This week, the city of Rome celebrated the completion of a landmark architectural project that has proved to be as fleeting and elusive as the form it is named after. Megan Williams reports.
Nuvola, or Cloud in English - the billowy structure composed of perforated fiberglass that appears to float inside a towering glass cube - is the latest creation of 72-year-old Massimiliano Fuksas.
The Rome-based "starchitect" is renowned for flowing designs of mammoth public venues that include everything from the Milan Trade Fair to the honeycombed Shenzhen Bao'an airport in China.
Fuksas first conceived of the Cloud in 1989 when the mayor of Rome held a competition to design a high-end new convention center that would position the capital to better compete with other European cities for lucrative contracts for well-heeled visitors.
"It was during a period in my life when I was teaching at Columbia University in New York and living in Paris," he told DW. "I was constantly flying over the Atlantic and thinking about how different clouds look from above than below. And I was struck by tension in their form - the fact that we know geometry is integral to their form and that yet clouds appears to have nothing to do with geometry."
Architectural wasn't the only kind of tension to infuse the project.
The more than 300-million-euro ($327-million) project was plagued by financing and bureaucratic problems and construction did not start until 2000. Publicly-backed construction at last began in 2007, but was repeatedly put on hold due to money shortages and red tape.
Three different completion dates were announced, only to have to then cancel then.
"This building has a painful past," admits Enrico Pazzali, of EUR SpA, the public body behind the project. Pazzali told DW the project was initially supposed to be privately funded but failed to attract investors. It wasn't until the company decided to self-fund the construction, selling off four buildings to raise the cash to finish it, that the project finally moved toward completion.
The Nuvola sits in the EUR district, a residential and business area of the Italian capital. It's the neighborhood south of Rome along the wide Cristofero Colombo Avenue that was conceived of under Mussolini in the 1930s as an ode to Fascist ideology - its smooth, towering buildings a version of neoclassicism on steroids.
Bridging a divide
Fuksas says his glass construction with the cloud floating in the middle was also an attempt to capture the tension between EUR and the historic center of Rome.
"Rome itself is a contrast between its Baroque city core with buildings by Bernini and Boromini and the rationalism of EUR," he explains.
Beyond the visual contra-position of the fluid cloud and its rigid glass showcase or frame the building creates, the Nuvola also infuses a cinematic experience into architecture, with the visitor following a structural narrative laid out by Fuksas.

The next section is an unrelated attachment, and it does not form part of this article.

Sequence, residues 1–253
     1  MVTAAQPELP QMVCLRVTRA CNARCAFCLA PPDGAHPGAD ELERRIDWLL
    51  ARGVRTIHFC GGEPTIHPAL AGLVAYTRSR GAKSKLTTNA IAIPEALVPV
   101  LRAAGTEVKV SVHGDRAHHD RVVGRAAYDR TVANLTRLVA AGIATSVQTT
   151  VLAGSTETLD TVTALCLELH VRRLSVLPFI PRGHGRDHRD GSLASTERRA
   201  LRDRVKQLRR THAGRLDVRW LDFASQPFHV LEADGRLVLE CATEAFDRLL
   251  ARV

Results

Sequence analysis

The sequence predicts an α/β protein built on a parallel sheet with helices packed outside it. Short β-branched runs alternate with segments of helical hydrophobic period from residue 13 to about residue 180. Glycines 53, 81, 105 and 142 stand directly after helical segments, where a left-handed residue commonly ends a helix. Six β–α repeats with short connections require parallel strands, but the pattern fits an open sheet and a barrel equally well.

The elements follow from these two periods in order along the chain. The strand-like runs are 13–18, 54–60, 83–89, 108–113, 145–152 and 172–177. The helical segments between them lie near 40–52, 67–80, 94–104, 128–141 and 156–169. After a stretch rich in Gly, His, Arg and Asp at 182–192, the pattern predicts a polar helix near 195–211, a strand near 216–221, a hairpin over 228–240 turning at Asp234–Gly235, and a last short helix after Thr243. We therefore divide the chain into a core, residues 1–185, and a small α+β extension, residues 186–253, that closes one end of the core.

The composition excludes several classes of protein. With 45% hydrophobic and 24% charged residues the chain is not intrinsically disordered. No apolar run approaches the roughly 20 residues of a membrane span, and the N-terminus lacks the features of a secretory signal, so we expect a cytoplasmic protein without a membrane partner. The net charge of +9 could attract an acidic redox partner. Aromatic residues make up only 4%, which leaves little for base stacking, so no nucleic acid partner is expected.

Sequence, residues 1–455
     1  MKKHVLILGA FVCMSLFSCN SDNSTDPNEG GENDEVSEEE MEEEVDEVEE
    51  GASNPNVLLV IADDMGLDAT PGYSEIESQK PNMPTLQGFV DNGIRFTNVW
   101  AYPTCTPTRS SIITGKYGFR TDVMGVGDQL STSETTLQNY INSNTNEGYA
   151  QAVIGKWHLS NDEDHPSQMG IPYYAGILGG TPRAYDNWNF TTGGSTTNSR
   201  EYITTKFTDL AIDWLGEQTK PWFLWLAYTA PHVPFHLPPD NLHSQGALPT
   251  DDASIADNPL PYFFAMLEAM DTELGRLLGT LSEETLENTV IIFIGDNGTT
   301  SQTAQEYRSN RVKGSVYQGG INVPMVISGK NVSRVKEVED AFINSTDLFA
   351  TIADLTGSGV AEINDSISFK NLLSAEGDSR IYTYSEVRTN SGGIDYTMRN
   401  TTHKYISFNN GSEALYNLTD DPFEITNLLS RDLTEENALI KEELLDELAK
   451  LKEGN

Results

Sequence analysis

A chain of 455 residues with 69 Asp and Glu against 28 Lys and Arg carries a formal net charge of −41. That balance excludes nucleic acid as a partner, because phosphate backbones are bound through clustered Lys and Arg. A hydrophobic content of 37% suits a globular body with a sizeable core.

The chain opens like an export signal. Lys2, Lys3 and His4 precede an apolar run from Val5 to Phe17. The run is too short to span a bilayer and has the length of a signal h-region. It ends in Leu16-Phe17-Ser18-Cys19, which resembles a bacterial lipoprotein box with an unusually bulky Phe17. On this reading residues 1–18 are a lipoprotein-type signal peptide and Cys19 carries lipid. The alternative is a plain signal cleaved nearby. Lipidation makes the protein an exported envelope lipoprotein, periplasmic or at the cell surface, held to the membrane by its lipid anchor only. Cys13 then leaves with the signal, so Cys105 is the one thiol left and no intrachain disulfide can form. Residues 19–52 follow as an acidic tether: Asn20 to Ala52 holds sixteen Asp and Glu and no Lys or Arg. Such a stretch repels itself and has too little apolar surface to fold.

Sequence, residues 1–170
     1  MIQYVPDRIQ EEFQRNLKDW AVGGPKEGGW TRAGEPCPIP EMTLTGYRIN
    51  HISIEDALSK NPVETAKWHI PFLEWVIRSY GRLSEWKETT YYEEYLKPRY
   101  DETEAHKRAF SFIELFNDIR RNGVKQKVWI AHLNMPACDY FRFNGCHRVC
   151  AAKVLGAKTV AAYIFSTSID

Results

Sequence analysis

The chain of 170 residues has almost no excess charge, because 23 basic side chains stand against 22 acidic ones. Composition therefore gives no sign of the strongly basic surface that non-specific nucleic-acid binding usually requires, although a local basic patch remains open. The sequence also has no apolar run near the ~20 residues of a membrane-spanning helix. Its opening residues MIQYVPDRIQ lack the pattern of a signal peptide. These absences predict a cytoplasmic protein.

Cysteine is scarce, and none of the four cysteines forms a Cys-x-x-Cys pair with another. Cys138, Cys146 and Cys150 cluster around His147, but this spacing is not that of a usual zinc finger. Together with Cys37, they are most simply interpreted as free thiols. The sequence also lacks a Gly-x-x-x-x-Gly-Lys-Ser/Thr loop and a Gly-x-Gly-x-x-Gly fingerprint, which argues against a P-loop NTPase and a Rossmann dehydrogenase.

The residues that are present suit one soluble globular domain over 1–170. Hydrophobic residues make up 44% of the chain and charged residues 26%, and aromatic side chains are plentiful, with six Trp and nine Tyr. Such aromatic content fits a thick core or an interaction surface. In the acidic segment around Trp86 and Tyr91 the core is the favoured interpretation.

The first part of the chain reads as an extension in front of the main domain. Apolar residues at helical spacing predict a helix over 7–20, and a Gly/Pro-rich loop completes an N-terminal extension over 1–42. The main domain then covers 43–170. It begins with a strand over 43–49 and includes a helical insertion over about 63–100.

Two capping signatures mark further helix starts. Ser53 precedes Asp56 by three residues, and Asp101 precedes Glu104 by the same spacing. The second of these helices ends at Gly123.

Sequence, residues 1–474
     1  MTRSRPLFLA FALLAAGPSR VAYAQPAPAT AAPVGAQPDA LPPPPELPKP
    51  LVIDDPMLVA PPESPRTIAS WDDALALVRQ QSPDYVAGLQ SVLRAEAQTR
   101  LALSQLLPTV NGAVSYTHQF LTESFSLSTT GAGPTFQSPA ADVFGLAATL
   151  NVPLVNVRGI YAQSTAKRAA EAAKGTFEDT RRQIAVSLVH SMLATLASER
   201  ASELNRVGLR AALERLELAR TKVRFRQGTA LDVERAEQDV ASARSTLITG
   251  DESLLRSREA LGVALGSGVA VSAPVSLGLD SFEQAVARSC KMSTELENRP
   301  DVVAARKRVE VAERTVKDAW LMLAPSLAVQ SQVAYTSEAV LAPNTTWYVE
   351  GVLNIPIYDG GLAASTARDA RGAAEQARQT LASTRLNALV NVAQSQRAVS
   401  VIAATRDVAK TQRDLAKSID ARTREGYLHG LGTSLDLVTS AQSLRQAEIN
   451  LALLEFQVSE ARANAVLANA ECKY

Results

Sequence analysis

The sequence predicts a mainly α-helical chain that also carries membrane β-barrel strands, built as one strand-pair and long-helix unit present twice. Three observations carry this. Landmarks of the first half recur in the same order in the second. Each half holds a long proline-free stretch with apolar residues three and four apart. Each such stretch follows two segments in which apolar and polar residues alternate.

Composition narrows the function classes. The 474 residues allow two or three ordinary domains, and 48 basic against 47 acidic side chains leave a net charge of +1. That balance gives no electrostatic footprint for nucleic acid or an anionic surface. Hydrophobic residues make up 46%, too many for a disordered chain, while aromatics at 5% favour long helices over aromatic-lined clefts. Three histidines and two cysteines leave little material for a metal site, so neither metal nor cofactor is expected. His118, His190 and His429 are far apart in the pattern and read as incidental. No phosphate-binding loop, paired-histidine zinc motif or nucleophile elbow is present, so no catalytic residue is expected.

As you approach the glass exterior in daytime, the cloud on the inside is barely discernible, melding into the reflections on the exterior glass windows of building, making it difficult to discern what is a reflection and what is not.
You then descend flight of long stairs that take you through the glass entrance doors and inside the 50-meter-high light-filled cube.
The building has its fair share of critics, not least those who say it was too long in the making and is already out of date
In front, like a mist rising from the flour to envelope the exposed steel support beams, is the white translucent cloud . A long escalator then carries you inside the puffy form whose rippling steel frames recall un-spooled reels of film.
Fuksas calls the fiberglass the cloud is made of an "extraordinary material" that gives it both a sense of fluidity, as well as an intimate acoustic quality.
"In cinema, there's the concept of editing, which architecture doesn't have, but I made up for this by creating a kind of 'piano sequenza,'" he says, or cinematic tracking shot, where a camera is mounted on a dolly and placed on rails to allow it to follow a certain course. Fuksas dismisses concerns that the 18 years it took from conception to completion of the Nuvola have presented Rome with a "new" trophy building that is already outdated.
"This building is not dated," insists the architect. "Most do, but not all and this one has held up in time…. [That's because] it is not a product of fashion or external impulses, it's a product of passion and emotions."
But as to the question of whether he will float another idea for a landmark building in his home city of Rome, he says no.